When speaking with a person who uses a wheelchair or a person who uses crutches, place yourself at eye level in front of the person to facilitate the conversation.
To get the attention of a person who is deaf, tap the person on the shoulder or wave your hand. Look directly at the person and speak clearly, slowly, and expressively to determine if the person can read your lips. Not all people who are deaf can read lips. For those who do lip read, place yourself so that you face the light source and keep hands, cigarettes and food away from your mouth when speaking.
Relax. Don’t be embarrassed if you happen to use accepted, common expressions such as “See you later” or “Did you hear about that?” that seems to relate to a person’s disability. Don’t be afraid to ask questions when you are unsure of what to do.
The information for parts of this bulletin came from three sources: The President’s Committee on Employment of People with Disabilities; Guidelines to Reporting and Writing About People with Disabilities, produced by the Media Project, Research and Training Center on Independent Living, 4089 Dole, University of Kansas, Lawrence, KS 66045; and Ten Commandments of Etiquette for Communicating with People with Disabilities, National Center for Access Unlimited, 155 North Wacker Drive, Suite 315, Chicago, IL 60606.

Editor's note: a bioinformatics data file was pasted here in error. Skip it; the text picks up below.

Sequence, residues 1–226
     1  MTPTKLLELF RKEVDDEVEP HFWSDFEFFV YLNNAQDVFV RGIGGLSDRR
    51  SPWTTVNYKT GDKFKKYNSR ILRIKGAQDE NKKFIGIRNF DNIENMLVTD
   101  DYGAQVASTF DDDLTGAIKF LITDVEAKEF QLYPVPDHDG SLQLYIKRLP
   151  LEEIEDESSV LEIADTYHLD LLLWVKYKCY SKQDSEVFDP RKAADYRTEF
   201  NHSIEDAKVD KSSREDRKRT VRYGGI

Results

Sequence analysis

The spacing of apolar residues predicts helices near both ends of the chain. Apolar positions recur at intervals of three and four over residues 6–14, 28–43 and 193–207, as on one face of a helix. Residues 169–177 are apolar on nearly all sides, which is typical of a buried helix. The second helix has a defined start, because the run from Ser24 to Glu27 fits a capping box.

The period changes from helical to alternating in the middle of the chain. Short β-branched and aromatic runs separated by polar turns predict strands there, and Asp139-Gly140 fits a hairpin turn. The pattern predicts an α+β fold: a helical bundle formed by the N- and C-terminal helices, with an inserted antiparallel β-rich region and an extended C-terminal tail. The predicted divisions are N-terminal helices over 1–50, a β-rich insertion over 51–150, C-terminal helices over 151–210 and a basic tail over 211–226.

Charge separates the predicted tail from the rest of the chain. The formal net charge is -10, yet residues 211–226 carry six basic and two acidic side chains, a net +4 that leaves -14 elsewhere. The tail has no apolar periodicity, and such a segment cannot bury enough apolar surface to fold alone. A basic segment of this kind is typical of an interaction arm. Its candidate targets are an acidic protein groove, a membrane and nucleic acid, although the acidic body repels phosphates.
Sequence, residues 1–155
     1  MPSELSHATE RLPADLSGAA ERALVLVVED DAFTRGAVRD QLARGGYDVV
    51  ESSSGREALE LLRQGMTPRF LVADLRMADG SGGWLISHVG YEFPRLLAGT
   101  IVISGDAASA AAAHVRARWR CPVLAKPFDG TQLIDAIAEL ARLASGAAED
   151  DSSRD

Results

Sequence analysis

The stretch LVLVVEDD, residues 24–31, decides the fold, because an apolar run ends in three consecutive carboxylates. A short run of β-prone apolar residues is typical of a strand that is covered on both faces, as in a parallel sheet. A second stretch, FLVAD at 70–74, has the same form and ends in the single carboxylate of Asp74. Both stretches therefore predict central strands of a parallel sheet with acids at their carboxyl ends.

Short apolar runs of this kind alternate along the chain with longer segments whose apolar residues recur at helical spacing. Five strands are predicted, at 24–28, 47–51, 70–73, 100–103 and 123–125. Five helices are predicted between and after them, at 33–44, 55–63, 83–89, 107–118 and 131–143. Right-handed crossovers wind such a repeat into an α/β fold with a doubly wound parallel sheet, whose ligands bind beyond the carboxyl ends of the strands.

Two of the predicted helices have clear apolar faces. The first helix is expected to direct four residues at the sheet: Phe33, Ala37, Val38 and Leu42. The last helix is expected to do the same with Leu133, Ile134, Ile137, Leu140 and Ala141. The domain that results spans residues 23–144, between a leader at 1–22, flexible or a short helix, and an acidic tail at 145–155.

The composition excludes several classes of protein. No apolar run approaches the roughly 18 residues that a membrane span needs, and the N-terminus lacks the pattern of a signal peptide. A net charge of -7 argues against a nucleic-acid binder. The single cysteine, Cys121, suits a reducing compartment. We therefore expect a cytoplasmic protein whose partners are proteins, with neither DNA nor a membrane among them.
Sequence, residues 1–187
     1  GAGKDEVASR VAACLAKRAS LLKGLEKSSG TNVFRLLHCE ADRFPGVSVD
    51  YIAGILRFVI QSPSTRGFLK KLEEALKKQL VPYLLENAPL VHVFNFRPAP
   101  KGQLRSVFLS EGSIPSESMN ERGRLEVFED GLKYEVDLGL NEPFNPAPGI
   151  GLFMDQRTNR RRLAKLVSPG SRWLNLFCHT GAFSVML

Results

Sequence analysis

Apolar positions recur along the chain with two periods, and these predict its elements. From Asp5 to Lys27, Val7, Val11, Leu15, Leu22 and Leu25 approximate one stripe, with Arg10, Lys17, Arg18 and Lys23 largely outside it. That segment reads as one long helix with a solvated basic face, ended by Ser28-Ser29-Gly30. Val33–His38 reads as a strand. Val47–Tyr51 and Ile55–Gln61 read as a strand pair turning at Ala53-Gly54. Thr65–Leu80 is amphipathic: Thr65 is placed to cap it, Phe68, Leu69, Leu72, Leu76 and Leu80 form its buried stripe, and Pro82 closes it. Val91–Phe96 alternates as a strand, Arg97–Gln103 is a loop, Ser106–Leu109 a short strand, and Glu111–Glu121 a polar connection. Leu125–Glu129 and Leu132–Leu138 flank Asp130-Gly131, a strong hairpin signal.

"People First" Terminology
Place the person before the disability. Say "person with a disability," rather than "disabled person."
Avoid referring to people by the disability they have, i.e.., "an epileptic," "blind people". A person is not a condition Rather, refer to "a person with epilepsy," or "people who are blind."